Is it Strep?

If you have a child over 2 you’ve probably asked this question at least once, and chances are you’ll ask it many more times in the years to come.

Your little guy is looking a bit punky.  He rejects his after-school snack and lies down on the sofa instead of running off to work on that insane Lego project he’s got going in the family room.  When you ask what’s wrong he points to his throat and says “My neck hurts, Mom”.

The worry monster in the back of your head wakes up, you grab the thermometer and a flashlight (oh god, does it work or are the batteries long dead?), and sneak a quick peek at the clock on the microwave … 3:46 … there’s still time to run screaming into the pediatrician’s office before they close.

Scenario 1:  Temp is 100.8 with the digital thermometer under the arm.  Throat’s red, but how red?  Hard to say.  Nose is runny, and you notice the beginnings of  a cough.  He protests but swallows the Tylenol with a bit of watered-down sports drink, plays his most recent addictive video game (just for a few minutes, while you make a game plan), and a while later he’s asleep.  After 27 minutes (yes, you timed it) of constant busy signal at the doctor’s office, you finally get through.  But do you really need to rush him in, or can you wait it out and see what the morning brings?

Scenario 2:  Temp is 102.2 with the digital under the tongue, but who knows if he really kept it under?  Throat is bright, cherry red with some gross gray/white stuff stuck to the … are those tonsils?  He struggles to swallow the liquid Tylenol, but before you even have a chance to grab the juice for him to wash it down, he barfs it up. Aaarrgg.  You decide to wait a few minutes to try again, while you hit redial to try and get through the busy signal at the doctor’s office.  Just as the nurse picks up and you breathe a sigh of relief, he sits up and vomits again.  Help!  Do you hang up and run to him, or tell her what’s going on while he’s covered with puke?

Strep throat is a common infection that anyone can get, but it’s most common in school-age kids and teens.  The bacteria that causes it (group A streptococcus) hangs out in the back of the nose and throat, and causes a seriously painful sore throat, fever  that’s typically on the high side, headache, nausea, and general feeling of SICK with a capitol ‘S’ (what doctors call malaise).  These suckers require antibiotics … more about that later.

But not all sore throats are strep throats.  In fact, way more than half of sore throats are caused by viruses, and will go away on their own without medication.  Antibiotics don’t touch them because they have no power against viruses, only bacteria.

So how can you tell?  The “gold standard” is a throat culture, but there are lots of clues that can help you figure it out and avoid a premature trip to the doctor’s office or letting strep go untreated.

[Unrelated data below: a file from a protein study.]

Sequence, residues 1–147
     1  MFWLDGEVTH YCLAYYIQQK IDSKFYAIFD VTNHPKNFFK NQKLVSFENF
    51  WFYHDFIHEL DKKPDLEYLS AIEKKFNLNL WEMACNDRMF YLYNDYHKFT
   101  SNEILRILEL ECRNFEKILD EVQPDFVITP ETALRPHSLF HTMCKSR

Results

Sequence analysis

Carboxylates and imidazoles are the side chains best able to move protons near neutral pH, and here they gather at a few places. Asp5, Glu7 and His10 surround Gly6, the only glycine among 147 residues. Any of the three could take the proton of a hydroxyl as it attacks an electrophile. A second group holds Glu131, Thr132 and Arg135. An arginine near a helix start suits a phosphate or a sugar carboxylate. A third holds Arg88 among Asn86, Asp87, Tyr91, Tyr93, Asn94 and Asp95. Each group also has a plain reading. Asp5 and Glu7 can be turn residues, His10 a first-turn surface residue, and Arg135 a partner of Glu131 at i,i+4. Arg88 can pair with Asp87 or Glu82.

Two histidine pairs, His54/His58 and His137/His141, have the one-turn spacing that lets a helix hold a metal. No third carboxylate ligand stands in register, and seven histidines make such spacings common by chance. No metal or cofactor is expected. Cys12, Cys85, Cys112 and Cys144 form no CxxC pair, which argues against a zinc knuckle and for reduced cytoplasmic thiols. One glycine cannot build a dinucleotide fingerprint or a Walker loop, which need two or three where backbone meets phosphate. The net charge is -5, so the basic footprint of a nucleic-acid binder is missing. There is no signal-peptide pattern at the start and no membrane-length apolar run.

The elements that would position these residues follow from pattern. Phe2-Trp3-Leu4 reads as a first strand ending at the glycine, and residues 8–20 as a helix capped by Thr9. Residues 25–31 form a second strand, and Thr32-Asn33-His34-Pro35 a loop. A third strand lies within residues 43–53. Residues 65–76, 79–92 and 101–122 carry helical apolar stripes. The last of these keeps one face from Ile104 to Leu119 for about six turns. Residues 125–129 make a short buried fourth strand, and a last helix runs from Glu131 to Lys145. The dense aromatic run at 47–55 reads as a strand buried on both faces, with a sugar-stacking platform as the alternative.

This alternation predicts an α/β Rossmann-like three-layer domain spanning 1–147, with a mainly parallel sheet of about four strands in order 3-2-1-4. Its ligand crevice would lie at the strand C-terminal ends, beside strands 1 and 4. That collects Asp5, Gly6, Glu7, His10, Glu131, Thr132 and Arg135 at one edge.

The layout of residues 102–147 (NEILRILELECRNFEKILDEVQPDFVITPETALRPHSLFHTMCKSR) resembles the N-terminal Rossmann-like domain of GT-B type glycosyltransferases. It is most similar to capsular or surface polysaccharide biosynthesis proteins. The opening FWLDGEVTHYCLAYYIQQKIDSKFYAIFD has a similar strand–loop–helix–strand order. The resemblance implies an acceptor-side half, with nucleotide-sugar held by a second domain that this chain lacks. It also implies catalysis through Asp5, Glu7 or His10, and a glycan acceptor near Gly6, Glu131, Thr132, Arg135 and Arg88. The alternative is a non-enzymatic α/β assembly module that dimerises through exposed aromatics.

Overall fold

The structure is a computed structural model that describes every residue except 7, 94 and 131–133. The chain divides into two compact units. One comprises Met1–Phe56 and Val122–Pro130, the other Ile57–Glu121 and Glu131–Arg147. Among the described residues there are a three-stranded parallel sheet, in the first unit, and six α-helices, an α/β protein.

In the scenarios above, it’s far less likely that kiddo #1 has strep.  His fever is low grade (100.8) and he’s not acting terribly sick.  His throat is red, but not WOW red, and he’s able to swallow a fever reducer, drink a little, and play video games.  He has a runny nose and a cough, typical viral symptoms that we don’t see as much with strep.  You’re OK watching this little guy, letting him rest, and re-evaluating tomorrow.  As long as things gradually get better with symptomatic treatment, you can skip the doctor.

Kiddo #2 needs to be seen.  He’s got a high temp, throat is bright red with white patches (technical term is exudate, and it’s typical of strep infection), he has trouble swallowing, and is vomiting.  He seems pretty sick. Tell the nurse you’re coming in.

When you get there, the doctor will likely do a rapid strep test (takes about 5 minutes) and a throat culture.  If the rapid test is positive he has strep, but if it’s negative he may still have strep (the rapid test is great, but it misses sometimes).  The throat culture will tell you for sure, but that can take up to 3 days and requires growing the bacteria in the lab.

In this case, the symptoms look so much like strep that your doctor will probably prescribe antibiotics, even if the rapid test is negative, at least until the culture results come back.  Which antibiotic depends on the doc’s experience with the bugs currently floating around your community, and what they’re sensitive to.

Why is it important to treat strep throat quickly?  Untreated strep, or incompletely treated strep (this is important, make sure you finish all the antibiotic) can result in complications.  Rheumatic fever, scarlet fever, wide-spread infection, and kidney disease can all be caused by group A strep run amok.

Within 24 hours of starting antibiotics, most kiddos begin to feel better and are no longer contagious. After 2 or 3 days most symptoms will resolve.  A child whose strep throat isn’t treated is most infectious when the symptoms are severe but can be contagious for up to 21 days.

Caring for your little one with strep while the antibiotics do their magic is much the same as with other childhood illnesses.  Plenty of fluids (warm liquids can be soothing), pain and fever reducers (acetaminophen or ibuprofen) as instructed, and plenty of Mama’s love.

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Rachel Zahn, MD is a pediatrician turned health writer who had three kids during medical school and pediatric training—crazy, huh?


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